Sometimes companies do not have enough liquidated assets to run daily operations. These operations include rent, debt payments, and payroll. During such times, they apply for working capital loans. In the simplest terms, working capital loans can be defined as the debt the company uses for its day-to-day operations. The loans can be both: secured and unsecured.
Below are the different types of working capital loans:
- Short-term loans
The short-term loan comes with a fixed payment period and rate of interest. This is a secured loan. However, depending on the credibility of your credit history and relation with the lender, you can secure this loan for no collateral as well.
- Credit line or Bank Overdraft Facility
This is the most flexible working capital loan. The lender approves a certain amount to the borrower that he can use. The borrower must be careful not to exceed the limit of the cash approved. Moreover, the borrower is only charged interest on the amount withdrawn and not the approved amount. This encourages the borrower to deposit the used amount to save on interest. – More Info – Line of Credit
- Trade Credit
Potential or present suppliers provide this working capital loan. Suppliers offer a trade credit when you place a bulk order with them. However, this loan is only given after the supplier thoroughly evaluates your creditworthiness, profits, and credit history.
- Account Receivables
You can always use your confirmed sales orders or account receivables to apply for a working capital loan. It is ideal, especially if your company lacks funds to fulfil a sales order. However, such loans are only secured if your company has a reputable history and proven track record of paying debts on time.
- Equity funding from Investors or Personal Resources
This is the most resourceful capital loan. It is commonly procured from investments by family, friends, or home equity loans. They are the most practical loans for start-ups or have companies that do not have an established credit history.
- Factoring of invoices
This is an arrangement where a business sells either all or some of its account payables to a third party. This is done at a lower value than the original value of the accounts. The third party is called the factoring service. It provides financing by purchasing the bills and collecting the amount from the debtors.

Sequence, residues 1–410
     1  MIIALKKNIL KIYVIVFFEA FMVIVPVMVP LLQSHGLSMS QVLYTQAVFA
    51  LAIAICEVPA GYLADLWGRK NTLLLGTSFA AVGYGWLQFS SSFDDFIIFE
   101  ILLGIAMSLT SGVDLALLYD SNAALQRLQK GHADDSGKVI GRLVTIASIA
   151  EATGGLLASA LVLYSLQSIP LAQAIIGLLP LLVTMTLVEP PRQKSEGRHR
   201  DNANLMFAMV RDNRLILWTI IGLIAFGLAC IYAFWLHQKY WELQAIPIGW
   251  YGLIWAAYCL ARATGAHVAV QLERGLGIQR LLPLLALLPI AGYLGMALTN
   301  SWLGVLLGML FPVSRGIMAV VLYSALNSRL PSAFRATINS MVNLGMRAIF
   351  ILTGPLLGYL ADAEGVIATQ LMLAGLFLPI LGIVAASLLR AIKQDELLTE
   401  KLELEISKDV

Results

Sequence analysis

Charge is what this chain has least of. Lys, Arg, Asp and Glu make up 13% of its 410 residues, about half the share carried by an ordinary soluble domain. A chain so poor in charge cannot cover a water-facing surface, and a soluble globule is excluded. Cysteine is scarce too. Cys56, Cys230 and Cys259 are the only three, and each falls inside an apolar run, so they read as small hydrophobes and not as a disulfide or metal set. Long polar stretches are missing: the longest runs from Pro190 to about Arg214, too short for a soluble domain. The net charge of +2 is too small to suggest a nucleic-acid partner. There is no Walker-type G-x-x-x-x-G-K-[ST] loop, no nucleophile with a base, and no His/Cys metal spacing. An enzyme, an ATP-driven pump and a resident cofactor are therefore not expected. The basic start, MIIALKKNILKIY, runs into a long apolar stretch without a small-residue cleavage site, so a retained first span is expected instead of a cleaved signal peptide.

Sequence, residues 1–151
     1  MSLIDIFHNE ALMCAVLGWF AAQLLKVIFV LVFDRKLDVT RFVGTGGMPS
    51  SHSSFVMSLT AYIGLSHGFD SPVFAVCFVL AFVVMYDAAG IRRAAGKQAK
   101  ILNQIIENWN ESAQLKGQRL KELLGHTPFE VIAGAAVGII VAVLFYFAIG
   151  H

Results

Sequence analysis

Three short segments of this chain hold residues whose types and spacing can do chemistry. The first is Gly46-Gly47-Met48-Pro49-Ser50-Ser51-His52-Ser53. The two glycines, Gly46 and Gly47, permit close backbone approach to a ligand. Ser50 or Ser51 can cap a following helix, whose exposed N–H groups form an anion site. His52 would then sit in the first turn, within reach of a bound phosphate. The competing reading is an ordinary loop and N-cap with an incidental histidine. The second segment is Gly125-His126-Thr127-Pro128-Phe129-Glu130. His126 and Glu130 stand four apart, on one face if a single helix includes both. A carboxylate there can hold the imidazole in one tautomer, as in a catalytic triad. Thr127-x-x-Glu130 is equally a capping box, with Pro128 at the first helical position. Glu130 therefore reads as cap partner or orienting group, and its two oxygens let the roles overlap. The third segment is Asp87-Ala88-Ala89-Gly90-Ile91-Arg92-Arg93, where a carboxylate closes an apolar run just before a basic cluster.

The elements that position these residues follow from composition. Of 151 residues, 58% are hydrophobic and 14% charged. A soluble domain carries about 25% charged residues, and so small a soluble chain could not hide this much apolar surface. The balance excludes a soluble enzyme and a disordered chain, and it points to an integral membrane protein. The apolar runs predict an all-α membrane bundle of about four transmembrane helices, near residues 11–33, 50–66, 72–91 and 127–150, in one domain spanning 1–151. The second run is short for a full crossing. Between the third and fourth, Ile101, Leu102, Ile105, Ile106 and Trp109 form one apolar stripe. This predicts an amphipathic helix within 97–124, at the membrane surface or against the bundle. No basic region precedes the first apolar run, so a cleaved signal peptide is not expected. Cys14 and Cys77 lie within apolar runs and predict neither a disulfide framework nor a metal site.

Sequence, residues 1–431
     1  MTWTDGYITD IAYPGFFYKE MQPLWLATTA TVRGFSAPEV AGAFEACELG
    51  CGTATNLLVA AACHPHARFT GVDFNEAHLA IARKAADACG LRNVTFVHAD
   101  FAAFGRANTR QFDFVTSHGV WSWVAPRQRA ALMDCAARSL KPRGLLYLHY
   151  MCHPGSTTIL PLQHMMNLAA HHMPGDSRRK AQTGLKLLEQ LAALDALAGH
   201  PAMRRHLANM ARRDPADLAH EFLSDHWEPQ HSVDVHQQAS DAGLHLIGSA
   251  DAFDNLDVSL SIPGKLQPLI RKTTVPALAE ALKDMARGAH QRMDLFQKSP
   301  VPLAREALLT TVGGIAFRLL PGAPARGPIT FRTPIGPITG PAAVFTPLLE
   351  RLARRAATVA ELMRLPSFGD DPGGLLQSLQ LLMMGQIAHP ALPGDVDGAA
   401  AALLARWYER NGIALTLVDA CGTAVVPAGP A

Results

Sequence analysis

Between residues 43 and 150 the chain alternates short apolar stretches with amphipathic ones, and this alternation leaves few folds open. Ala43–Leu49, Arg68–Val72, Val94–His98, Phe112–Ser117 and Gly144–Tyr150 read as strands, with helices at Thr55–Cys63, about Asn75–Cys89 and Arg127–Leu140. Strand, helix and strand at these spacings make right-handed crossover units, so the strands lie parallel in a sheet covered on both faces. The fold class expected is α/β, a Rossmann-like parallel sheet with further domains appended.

- Letter of Credit
The buyer can purchase a letter of credit from a lender. Then, the buyer will send the letter of credit to the seller. After the agreed order is sent by the sender; the lender will pay the seller the cost of the order. The bank then collects the amount from the buyer at the stipulated time.
- Bank Guarantee
It is a non-fund based working capital loan. Bank guarantee is acquired by the seller or buyer to outweigh the possible risk due to non-performance of a certain agreement. It could be anything from a payment to the promise of service. The holder only repeals it on non-performance by the other party. The bank asks for some security or charges some commission.
Types of Working Capital Loan FAQs:
1. What is a permanent working capital loan?
2. What are the pros and cons of working capital loan?
|1.On-hand cash to deal with cash flow problems||1.Have to repay the capital and interest in full|
|2.Always in control of the company|
2.May need to put up collateral
|3.May not need to place a collateral||3.High rates of interest|
|4.Can borrow and repay promptly||4.Defaulting on the loan can affect personal credit score|
|5.No restrictions on how you spend the money|
3. When do I require a working capital loan?
4. What are the main components of a working capital loan?
- Accounts receivables
- Account payable
5. What does working capital include?
6. What is the percentage of business expenditure constituted in working capital?
Merger and Acquisition
7. Why LendingKart for working capital loans?
- Minimum eligibility criteria
- Online application process
- Completion of the process in three working days
- Flexible interest rates